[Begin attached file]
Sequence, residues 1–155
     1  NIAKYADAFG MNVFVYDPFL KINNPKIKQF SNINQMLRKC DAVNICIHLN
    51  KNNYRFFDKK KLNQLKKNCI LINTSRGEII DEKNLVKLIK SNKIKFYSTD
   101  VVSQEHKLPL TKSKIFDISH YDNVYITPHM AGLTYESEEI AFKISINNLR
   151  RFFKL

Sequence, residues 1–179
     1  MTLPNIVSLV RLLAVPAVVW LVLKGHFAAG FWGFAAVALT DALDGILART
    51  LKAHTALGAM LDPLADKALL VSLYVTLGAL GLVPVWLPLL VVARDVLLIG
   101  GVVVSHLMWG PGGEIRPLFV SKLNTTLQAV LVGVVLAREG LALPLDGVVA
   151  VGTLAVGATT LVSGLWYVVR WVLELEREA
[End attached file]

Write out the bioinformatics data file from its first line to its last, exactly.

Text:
Sequence, residues 1–155
     1  NIAKYADAFG MNVFVYDPFL KINNPKIKQF SNINQMLRKC DAVNICIHLN
    51  KNNYRFFDKK KLNQLKKNCI LINTSRGEII DEKNLVKLIK SNKIKFYSTD
   101  VVSQEHKLPL TKSKIFDISH YDNVYITPHM AGLTYESEEI AFKISINNLR
   151  RFFKL

Sequence, residues 1–179
     1  MTLPNIVSLV RLLAVPAVVW LVLKGHFAAG FWGFAAVALT DALDGILART
    51  LKAHTALGAM LDPLADKALL VSLYVTLGAL GLVPVWLPLL VVARDVLLIG
   101  GVVVSHLMWG PGGEIRPLFV SKLNTTLQAV LVGVVLAREG LALPLDGVVA
   151  VGTLAVGATT LVSGLWYVVR WVLELEREA